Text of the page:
Plaintiff merely alleges that he filed two Standard Forms 95 on January 19, 2019 and June 10, 2020. Neither of the Forms 95 comply with paragraph (e) (neither does Plaintiff plead that they do), which is fatal to any § 7433 claim he seeks to assert in this suit. Manchanda does not allege that he submitted an administrative claim that included his taxpayer identification number, the grounds for the § 7433 claim in reasonable detail and any substantiating documentation, and no description of the injuries incurred or any substantiating documentation.The FAC lacks plausible allegations that Plaintiff filed any written requests or formal protests that would put the IRS on notice that he intended to bring an administrative claim under § 7433(a) or § 7433(e). His opposition brief incorrectly focuses on the timing of filing of the supposed administrative claims. But he completely ignores the statutorily required manner and form in which section 7433 administrative claims are to be filed. Manchanda failed to exhaust administrative remedies. Because the United States has not consented to be sued under such circumstances, his section 7433 claim is dismissed.
His administrative claim, and the accompanying documentation, specifically discuss FTCA claims-not § 7433. In the context of filing administrative claims under § 7433, paragraph (e) requirements are particularly apt because an action may be brought for “disregard[ing] any provision.” 7433(a). However, Manchanda failed to provide any administrative claim seeking relief under § 7433 to the IRS, let alone one that specified the allegedly disregarded provisions that would form the basis of such a claim.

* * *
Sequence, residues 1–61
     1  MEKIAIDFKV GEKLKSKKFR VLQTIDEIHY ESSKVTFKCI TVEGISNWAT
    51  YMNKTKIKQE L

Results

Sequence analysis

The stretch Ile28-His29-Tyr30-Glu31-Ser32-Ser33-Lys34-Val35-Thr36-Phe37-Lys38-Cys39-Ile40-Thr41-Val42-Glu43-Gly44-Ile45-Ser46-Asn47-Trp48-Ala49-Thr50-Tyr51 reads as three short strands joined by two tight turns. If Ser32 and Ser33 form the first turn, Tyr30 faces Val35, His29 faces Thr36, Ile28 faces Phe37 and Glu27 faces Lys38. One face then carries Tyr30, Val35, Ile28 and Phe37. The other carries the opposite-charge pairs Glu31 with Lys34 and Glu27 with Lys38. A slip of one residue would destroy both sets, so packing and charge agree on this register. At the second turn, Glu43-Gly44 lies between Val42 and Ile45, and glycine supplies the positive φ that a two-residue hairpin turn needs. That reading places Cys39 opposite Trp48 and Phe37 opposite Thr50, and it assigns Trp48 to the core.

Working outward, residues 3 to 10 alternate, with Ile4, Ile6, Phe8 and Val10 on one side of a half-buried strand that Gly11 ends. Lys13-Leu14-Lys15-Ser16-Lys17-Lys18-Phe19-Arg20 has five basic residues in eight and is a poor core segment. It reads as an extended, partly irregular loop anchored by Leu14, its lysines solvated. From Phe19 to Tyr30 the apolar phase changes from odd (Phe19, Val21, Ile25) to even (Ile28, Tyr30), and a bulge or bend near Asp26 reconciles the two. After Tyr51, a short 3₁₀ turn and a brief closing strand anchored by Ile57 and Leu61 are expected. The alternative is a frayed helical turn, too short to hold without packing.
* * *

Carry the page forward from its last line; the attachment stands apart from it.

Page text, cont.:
The Court has even more doubt that the two Forms 95 assert § 7433 claims because the stated dollar amount of the claim is $100,000,000. Section 7433(a) and (e) claims have a statutory cap of $1,000,000.
C. The Section 7431 Claim Is Barred Because It Arises Out of Tax Collection Activity
“[W]ithin 2 years after the date of discovery by the plaintiff of the unauthorized . . . disclosure, ” that plaintiff may bring a suit in damages “[i]f any officer or employee of the United States knowingly, or by reason of negligence, inspects or discloses any return or return information with respect to a taxpayer in violation of any provision of section 6103.” 26 U.S.C. 7431. Under 26 U.S.C. § 6103, “no officer or employee of the United States ....shall disclose any return or return information obtained . . . in any manner in connection with his service or otherwise.” 26 U.S.C. § 6103(a).
The Parties do not dispute that section 7433(a) furnishes an exclusive remedy for section 7431 claims for unauthorized disclosure when they arise out of tax collection activity. But Plaintiff advances an argument that section 7433's exclusivity provision does not apply “in other contexts where the disclosures are not in connection with ‘collection' of taxes.” Pl.'s Opp. at 18 (ECF No. 34 at 23). That may very well be accurate, but the Court takes no position on that and need not reach the question because, as explained supra, Plaintiff avers in the FAC on numerous occasions that the allegedly unauthorized disclosures are inextricably linked to tax collection. As Defendant correctly points out, Manchanda has failed to assert any basis for the unauthorized disclosure claim beyond tax collection. Def.'s Reply at 7 (ECF No. 35 at 8).
For the foregoing reasons, Plaintiff's claims must be dismissed for lack of subject matter jurisdiction pursuant to Rule 12(b)(1) of the Federal Rules of Civil Procedure. The Court need not reach Defendant's other arguments and grounds for dismissal. Defendant's motion to dismiss is GRANTED. The Clerk of Court is respectfully directed to terminate the motion at ECF No. 30 and close this case.